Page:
The Wheaton Blog
How to Prepare Your Paintings for a Move
As an aspiring artist or a long-time professional painter, you take great care to ensure each piece looks its best. You deliberate over tempera or oil paints. You thoughtfully choose between fan, angle, or rigger brushes. And you painstakingly select your references so each pose, angle, and shadow comes out the way you envisioned.
When you finally finish the last brush stroke, you can’t help but feel a sense of pride and accomplishment over a job well done. Even if you sell most of your pieces, you likely hang on to a few of your favorites for your personal collection. Your most recent work, for example, might hang in your living room for all your guests to see. Or maybe your first portrait still sits in the corner of your bedroom.
Naturally, you want to preserve your paintings so they last for generations. So what can you do to ensure your gallery survives your next move?
Consider Your Art’s Value
Your art likely carries a great deal of personal value, but how much is it worth from an economic standpoint? If your paintings represent a large portion of your income, you may wish to have an appraiser estimate their value.
Some of the most reliable appraisal organizations include:
- The Appraisers Association of America
- Appraisal Foundation
- Art Dealers Association of America Art Appraisals
- The International Society of Appraisers
- Private Art Dealers Association
On a budget? You can also choose online appraisals such as Mutual Art and Value My Stuff.
Once you know your painting’s value, you can determine whether a specific piece (or pieces) require additional insurance to cover them during transit. For highly priced items, you may wish to ship your art separately from the rest of your household goods through a specialized service. You can also talk to your moving company about their packing policies for fine art. Local Wheaton agents offer a variety of materials for purchase should you choose to pack yourself.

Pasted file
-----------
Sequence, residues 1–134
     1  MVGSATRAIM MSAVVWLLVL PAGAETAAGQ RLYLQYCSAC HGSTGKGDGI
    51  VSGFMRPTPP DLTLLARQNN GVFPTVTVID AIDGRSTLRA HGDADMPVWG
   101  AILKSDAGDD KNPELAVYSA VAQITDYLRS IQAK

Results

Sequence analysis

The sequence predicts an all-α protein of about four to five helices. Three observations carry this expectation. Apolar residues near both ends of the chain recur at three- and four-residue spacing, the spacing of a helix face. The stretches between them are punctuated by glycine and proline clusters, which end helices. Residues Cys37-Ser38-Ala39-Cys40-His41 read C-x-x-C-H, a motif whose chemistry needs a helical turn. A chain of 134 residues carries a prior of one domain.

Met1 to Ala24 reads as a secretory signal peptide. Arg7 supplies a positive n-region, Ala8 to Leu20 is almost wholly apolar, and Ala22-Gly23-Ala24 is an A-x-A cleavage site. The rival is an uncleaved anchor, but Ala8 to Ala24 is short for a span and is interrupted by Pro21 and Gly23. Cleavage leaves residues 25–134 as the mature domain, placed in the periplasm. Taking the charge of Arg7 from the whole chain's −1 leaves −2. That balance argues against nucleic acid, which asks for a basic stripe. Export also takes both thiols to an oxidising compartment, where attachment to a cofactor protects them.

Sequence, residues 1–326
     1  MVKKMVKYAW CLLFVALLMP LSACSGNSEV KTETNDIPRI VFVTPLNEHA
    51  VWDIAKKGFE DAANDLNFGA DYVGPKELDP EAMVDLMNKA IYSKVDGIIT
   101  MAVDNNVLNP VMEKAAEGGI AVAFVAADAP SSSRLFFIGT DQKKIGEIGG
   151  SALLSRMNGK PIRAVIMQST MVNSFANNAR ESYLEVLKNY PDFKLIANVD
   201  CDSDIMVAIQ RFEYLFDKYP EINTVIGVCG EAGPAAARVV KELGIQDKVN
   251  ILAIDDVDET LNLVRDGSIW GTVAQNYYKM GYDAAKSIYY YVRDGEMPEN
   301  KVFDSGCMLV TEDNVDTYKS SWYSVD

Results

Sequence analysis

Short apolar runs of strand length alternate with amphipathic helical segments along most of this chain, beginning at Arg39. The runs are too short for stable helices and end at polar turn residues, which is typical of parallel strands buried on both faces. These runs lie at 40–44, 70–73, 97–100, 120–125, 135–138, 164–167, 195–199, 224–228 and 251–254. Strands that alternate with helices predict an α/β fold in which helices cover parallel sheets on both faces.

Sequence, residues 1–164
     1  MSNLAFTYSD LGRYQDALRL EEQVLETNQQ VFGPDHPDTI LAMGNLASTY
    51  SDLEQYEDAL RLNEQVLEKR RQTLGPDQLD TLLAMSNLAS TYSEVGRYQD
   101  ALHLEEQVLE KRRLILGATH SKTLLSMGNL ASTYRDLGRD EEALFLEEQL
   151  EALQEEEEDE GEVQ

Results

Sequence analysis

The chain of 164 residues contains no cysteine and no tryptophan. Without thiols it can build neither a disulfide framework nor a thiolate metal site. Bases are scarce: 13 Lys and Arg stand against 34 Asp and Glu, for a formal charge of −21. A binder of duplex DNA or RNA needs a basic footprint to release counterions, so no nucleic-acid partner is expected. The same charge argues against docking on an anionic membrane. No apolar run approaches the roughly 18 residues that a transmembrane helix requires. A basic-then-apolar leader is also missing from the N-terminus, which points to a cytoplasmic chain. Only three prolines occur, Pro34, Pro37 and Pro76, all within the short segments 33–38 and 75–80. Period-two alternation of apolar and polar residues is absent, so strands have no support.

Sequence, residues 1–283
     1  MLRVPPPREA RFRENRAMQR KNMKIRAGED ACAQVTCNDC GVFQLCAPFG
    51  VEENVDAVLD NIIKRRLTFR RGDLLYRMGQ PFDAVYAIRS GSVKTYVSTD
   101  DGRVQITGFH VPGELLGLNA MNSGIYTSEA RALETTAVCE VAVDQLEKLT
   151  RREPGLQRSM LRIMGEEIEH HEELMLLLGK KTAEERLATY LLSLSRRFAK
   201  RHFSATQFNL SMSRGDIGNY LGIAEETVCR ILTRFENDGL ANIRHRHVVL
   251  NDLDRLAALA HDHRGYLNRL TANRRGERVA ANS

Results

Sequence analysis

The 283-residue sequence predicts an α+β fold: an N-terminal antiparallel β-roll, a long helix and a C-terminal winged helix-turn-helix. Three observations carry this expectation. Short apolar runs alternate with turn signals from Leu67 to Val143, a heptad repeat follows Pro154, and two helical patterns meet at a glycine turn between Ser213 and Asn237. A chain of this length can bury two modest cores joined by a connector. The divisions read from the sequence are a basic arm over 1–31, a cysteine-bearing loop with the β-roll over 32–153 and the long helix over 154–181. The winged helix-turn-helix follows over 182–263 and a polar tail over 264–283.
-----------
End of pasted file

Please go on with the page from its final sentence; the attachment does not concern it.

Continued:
Tips to Pack Unframed Paintings
Unframed paintings require a delicate touch. The oils in your hands could easily attract dirt and smudge your artwork. To protect your painting while your prepare it, wear white cotton photography gloves, and then follow these steps.
- Wrap the painting in acid-free tissue paper. Do not use newspaper, as the inks can rub off onto your art. Parchment paper also has rough etches which can pit, scratch, and etch delicate pieces, so avoid it whenever possible.
- To secure the tissue paper, place acid-free photo and document tape on the corners. Only tape the tissue paper, not the painting itself.
- Mount your wrapped painting to a piece of sturdy cardboard with tape, and cover the other side with cardboard. You may use multiple layers on both sides for extra protection and use tape to keep everything together.
- Place the painting in a mirror box.
Once you finish, mark the box as fragile and inform your movers about the art to ensure they store it appropriately.
Tips to Pack Framed Paintings
Although framed paintings have a little more protection than unframed paintings, they can still suffer damage. If not packaged correctly, the canvas can stretch and shift in its frame, or the glass may shatter and tear the art underneath. Use these tips for framed artwork.
- As with unframed paintings, wrap the frame in acid-free tissue paper.
- Cover the art in bubble wrap. Make sure the corners have adequate coverage; they tend to absorb the most bumps during a move.
- Place a layer of cardboard on both sides of the bubble wrap, and secure them with tape.
- Insert the artwork into a mirror box or crate that fits the piece. Fill in any gaps with tissue paper to prevent shifting.
- Mark the box fragile.
And don’t forget to let your movers know that your pieces require careful handling. With these techniques, your art should arrive in pristine, exhibition-worthy condition.